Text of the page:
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Savages: Cruel, Crippled, Primal

Updated on December 26, 2017
Chon and Ben (Taylor Kitsch and Aaron Johnson)
Chon and Ben (Taylor Kitsch and Aaron Johnson) | Source

(This review includes spoilers, so if you haven't seen the film, don't read anymore)

What really makes someone a "savage"? Is it just the lack of civilization and culture? or a more ferocious, wild behavior? Dictionaries also define it as "lack of manners" or "not under human control". Oliver Stone's most recent film, precisely titled Savages, offers us examples of most of these. Whether it's the ruthless leader of a Mexican cartel (Salma Hayek), her vicious enforcer and right-hand man (Benicio del Toro) - who tortures and decapitates rivals with a chainsaw - or a pair of high-end drug dealers (Taylor Kitsch and Aaron Johnson) that freely live, love, and have sex with the same woman (Blake Lively).

Source

During the film, characters use the term "savages" to refer to their respective rivals, while seeing themselves as "better people". Best buddies/marijuana growers Ben and Chon (Johnson and Kitsch) consider their Mexican rivals as such, after witnessing a video where Lado (del Toro) mercilessly decapitates several people. Lado, on the other hand, can't understand why two men would want to share their woman. Ben and Chon, who are at the top of their drug business in Laguna Beach, California, actually have a mutual relationship with Ophelia, or simply "O" (Lively). This is why she is the one kidnapped when they reject an offer of "partnership" from cartel leader Elena Sánchez (Hayek).

But their love relationship is not the only "savage" trait in the pair. Chon is actually an anger-filled veteran who hits first and talk later, which makes him the perfect enforcer for their drug business. Ben, on the other hand, is a practicing Buddhist who uses his drug money for charity work. But, in a recurring theme on the film, he is forced to become more savage as the film progresses to help rescue their kidnapped girlfriend. His arc begs the question, are we all savages in nature? do we all resort to our hidden savage instincts when a circumstance warrants it?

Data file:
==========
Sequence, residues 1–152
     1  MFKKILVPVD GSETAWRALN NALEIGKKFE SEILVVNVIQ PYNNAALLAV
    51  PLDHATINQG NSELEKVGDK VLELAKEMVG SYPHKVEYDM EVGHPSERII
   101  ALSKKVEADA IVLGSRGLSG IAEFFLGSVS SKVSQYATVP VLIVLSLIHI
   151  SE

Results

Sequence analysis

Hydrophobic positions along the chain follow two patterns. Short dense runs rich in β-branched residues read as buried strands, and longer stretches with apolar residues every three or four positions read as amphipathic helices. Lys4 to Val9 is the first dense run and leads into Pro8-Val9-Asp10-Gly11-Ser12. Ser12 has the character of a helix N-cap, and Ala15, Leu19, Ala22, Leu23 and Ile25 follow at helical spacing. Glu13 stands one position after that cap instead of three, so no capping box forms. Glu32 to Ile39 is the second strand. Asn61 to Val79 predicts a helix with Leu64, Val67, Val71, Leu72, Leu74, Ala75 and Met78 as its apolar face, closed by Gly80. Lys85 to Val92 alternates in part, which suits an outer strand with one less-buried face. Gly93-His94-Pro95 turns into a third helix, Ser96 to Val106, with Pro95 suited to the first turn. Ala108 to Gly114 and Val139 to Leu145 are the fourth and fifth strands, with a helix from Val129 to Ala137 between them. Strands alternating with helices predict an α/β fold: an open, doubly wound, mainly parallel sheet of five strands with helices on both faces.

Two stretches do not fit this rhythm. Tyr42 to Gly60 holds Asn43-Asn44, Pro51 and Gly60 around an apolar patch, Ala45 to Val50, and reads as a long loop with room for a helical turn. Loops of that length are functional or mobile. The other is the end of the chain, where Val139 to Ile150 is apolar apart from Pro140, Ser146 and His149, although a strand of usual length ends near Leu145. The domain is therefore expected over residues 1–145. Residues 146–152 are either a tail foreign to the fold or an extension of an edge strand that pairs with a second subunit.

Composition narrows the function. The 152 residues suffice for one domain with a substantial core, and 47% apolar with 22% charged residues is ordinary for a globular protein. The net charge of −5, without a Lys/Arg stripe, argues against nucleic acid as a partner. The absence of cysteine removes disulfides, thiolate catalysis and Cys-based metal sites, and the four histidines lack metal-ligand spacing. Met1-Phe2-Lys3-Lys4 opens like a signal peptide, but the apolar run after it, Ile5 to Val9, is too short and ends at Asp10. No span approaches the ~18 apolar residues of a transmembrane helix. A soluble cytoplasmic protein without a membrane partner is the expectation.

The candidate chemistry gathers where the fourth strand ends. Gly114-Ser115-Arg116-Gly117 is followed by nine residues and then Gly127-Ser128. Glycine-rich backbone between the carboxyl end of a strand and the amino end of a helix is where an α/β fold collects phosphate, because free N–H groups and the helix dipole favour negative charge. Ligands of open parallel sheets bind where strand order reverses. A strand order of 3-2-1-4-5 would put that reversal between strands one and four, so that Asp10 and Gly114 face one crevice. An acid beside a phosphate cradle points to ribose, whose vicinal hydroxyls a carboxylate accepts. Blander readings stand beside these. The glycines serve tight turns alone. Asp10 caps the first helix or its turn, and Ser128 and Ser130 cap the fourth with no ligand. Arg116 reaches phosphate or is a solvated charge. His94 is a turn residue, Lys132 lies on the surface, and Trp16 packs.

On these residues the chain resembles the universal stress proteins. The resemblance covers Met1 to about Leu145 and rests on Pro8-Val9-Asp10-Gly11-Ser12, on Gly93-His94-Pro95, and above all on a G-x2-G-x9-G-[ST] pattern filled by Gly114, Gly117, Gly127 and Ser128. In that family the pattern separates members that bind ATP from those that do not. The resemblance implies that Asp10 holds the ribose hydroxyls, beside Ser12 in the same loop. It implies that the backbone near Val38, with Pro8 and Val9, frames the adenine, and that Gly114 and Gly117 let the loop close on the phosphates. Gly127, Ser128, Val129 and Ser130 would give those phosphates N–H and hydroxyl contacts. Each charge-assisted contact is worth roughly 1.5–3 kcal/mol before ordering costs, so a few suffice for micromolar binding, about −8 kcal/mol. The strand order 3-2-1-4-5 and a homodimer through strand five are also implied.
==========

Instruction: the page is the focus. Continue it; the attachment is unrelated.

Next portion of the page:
O (Blake Lively) with Chon and Ben (Taylor Kitsch and Aaron Johnson)
O (Blake Lively) with Chon and Ben (Taylor Kitsch and Aaron Johnson) | Source

In yet another instance of "savage" nature, O is kept in a cage-like room, where she lives, more or less, like an animal. In retaliation, Ben and Chon kidnap Elena's daughter. This revelation, near the climax of the film, turns the usually stoic and cold Elena into a more human character. Her daughter is the only thing that keeps her anchored to a natural lifestyle, and seeing her captured and bound, strips her of control, power, and beauty.

Other characters in the film are Elena's accountant (Demian Bichír), whose torture and murder by the same cartel underlines how "savage" they are; and corrupt DEA agent Dennis (John Travolta), whose own flip-flopping between alliances could be seen as some sort of "savage" behavior, particularly from a federal agent.

Elena Sánchez (Salma Hayek)
Elena Sánchez (Salma Hayek) | Source
 
Savages
Release date
July 6, 2012
Director
Oliver Stone
Writers
Shane Salemo, Don Winslow, Oliver Stone
Starring
Taylor Kitsch, Blake Lively, Aaron Johnson, Benicio del Toro
Duration
131 minutes
Budget
$45,000,000
Box office
$82,966,152

Unlike other films from Stone, Savages is a fairly straighforward film with little to no obvious, in-your-face political undertones. This actually serves the film well, since Stone's penchant for forced political jabs has, sometimes, harmed the end results. His direction is also more sober and natural than other efforts of him. I don't think the use of narration was effective, and the dual-ending was awkward, and more of a "cheat"; but I still can say I enjoyed the film.

All in all, the film doesn't break new grounds and isn't particularly memorable, but it's still a fun and intense outing. Most of the performances are solid, but the highlight comes from del Toro's wickedly vicious performance. He steals every scene he's in, and makes them enjoyable, despite his disgusting demeanor. Does that make me a savage? Grade: B or B+

Lado (Benicio del Toro)
Lado (Benicio del Toro) | Source